THE TECH (M.I.T.)
Tuesday, October 26, 1999
Volume 119, Number 53
American Foreign Policy Blunders
The recent column on Pakistan [“The Pakistan Coup’s Other Side,” October 22] has overlooked the fact that Pakistan’s coup is merely the latest of a long line of U.S. foreign policy blunders.
Our backing of the Shah’s regime helped spark an Islamic revolution in Iran that continues to plague U.S. foreign policy, serving as a parable of how our support of repressive governments eventually returns to haunt us.
American policymakers made the same mistake when arming Iraq as a ballast against Iran -- it was not long before Saddam Hussein turned the weapons we had lavished upon him against American soldiers and allies.
After a decade of appeasement and billions in U.S. support, a nuclear and militant Pakistan is now backing Taliban extremists in Afghanistan and fanning the flames of Islamic fundamentalism.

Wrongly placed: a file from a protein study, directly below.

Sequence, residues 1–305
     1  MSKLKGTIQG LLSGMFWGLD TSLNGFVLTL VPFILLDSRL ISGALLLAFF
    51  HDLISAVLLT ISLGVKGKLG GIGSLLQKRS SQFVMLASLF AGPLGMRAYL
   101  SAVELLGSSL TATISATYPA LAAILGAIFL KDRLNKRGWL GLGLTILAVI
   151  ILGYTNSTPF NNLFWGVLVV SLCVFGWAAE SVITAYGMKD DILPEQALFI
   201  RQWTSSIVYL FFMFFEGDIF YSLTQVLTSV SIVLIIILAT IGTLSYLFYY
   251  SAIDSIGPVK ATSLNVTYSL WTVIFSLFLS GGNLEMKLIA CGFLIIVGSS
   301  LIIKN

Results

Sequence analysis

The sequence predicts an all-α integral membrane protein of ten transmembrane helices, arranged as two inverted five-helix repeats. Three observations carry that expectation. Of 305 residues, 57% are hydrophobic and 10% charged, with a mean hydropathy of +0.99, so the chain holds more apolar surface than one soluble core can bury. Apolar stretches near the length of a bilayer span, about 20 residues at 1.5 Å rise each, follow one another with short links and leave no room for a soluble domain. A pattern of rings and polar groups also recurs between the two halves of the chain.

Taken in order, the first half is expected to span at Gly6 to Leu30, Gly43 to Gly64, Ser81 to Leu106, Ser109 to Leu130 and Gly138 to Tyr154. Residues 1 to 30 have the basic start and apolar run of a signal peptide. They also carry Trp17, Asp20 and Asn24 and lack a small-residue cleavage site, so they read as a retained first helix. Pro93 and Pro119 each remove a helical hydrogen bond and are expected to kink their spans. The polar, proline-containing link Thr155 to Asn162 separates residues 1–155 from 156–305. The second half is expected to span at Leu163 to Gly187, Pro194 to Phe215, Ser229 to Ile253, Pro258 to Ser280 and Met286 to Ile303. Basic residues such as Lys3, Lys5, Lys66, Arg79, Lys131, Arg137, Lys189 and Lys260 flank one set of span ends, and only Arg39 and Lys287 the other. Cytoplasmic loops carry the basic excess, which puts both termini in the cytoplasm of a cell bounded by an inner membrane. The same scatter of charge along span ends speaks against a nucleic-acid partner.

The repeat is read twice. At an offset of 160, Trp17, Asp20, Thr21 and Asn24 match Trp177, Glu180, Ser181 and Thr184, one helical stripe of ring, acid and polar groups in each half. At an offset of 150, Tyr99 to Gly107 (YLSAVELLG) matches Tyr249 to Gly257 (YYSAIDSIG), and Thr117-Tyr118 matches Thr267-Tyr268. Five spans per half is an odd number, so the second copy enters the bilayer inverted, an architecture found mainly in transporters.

Pakistan’s metamorphosis from the intimate ally America knew in the 1980s to a potential adversary is a lesson to be considered when looking at our relationship with another Islamic nation firmly entrenched in authoritarian tradition.
Turkey has among the worst human rights records on earth, and over the past 25 years Turkish troops have violated the sovereignty of Greece, Cyprus, Iraq and Iran, a list that includes two European democracies and, among them, a NATO ally. Turkey still occupies 40 percent of Cyprus after its 1974 invasion and has unilaterally occupied a “security zone” in Iraqi territory.
U.S. policymakers are now looking the other way as Turkey quietly pursues a nuclear weapons program, seeking to purchase the same technology from Canada that sparked Pakistan and India’s nuclear arms race.
P. D. Spyropoulos
American Hellenic Media Project